In the summer of 2017, Shuguang Kaixuan Mining Company went to court to defend itself against a creditor who wanted back nearly $40,000 lent to support the company's business of buying and selling North Korean mineral goods.
The dispute was longstanding, but this time Kaixuan had a new defence: It had no money, since the commodities it wanted to sell were stuck in North Korea.
"Because of the sanctions against North Korea, their normal work with iron ore has been halted," said Chen Weiguo, a lawyer for the company.
Over the course of a year in which North Korea claimed the successful detonation of a hydrogen bomb and a missile capable of reaching deep into North America, Beijing has responded with heavy new restrictions on the nuclear-armed renegade state.
Chinese seafood vendors that once relied on the North Korean catch have gone bust; even smugglers have complained that Chinese authorities have impeded their work. Beijing's actions have stood in contrast to criticism from detractors like U.S. President Donald Trump, who have accused it of doing too little.
But China won't be present at a conference of foreign ministers in Vancouver Tuesday – and critics say the U.S. agenda for the meeting, which includes the possibility of maritime interdictions against ships carrying North Korean goods, risks eroding Beijing's support at a time when sanctions appear finally to be bearing fruit. Russia, too, will not be involved in meetings this week.
China's foreign ministry has warned about "Cold War thinking" in the selection of countries who will attend the summit – many of them fought together in support of South Korea during the Korean War – saying it could "undermine the joint efforts that are being made to resolve properly the Korean Peninsula nuclear issue."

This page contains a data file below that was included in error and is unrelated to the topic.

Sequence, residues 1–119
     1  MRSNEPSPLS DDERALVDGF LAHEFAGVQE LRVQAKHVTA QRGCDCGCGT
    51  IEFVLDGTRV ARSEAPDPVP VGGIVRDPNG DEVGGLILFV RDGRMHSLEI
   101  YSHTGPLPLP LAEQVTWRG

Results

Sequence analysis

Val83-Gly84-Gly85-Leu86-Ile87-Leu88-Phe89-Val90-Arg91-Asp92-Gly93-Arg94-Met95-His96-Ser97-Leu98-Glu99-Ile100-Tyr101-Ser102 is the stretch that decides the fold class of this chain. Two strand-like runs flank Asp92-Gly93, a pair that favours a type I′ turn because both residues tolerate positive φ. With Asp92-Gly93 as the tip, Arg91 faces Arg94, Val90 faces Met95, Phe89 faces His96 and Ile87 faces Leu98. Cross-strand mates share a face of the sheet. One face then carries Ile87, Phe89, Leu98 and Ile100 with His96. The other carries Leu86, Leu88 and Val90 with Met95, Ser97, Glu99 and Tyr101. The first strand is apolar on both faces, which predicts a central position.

Outside China, too, observers have expressed worry about plans by U.S. Secretary of Defense Jim Mattis to attend a welcome dinner at the conference of foreign ministers, amid talk of a beefed-up naval presence near the Korean Peninsula that would almost certainly anger China.
"U.S. officials are indicating that they want to move towards a more robust effort to interdict North Korean shipments. Beijing would find that hugely provocative, especially if it appears as if a coalition of countries are side-stepping the UN Security Council," said Andrea Berger, an expert on North Korea and non-proliferation who is senior research associate at the California-based Middlebury Institute of International Studies at Monterey.
Beijing wields outsized economic influence toward North Korea, since some 90 per cent of the rogue state's foreign trade passes through China, and the country's shift in the past 12 months has been consequential.
"China has changed its behaviour, and that has affected North Korea-China trade," said Justin Hastings, a scholar at the University of Sydney whose book, A Most Enterprising Country, catalogues how North Korea has evaded foreign trade restrictions for many years.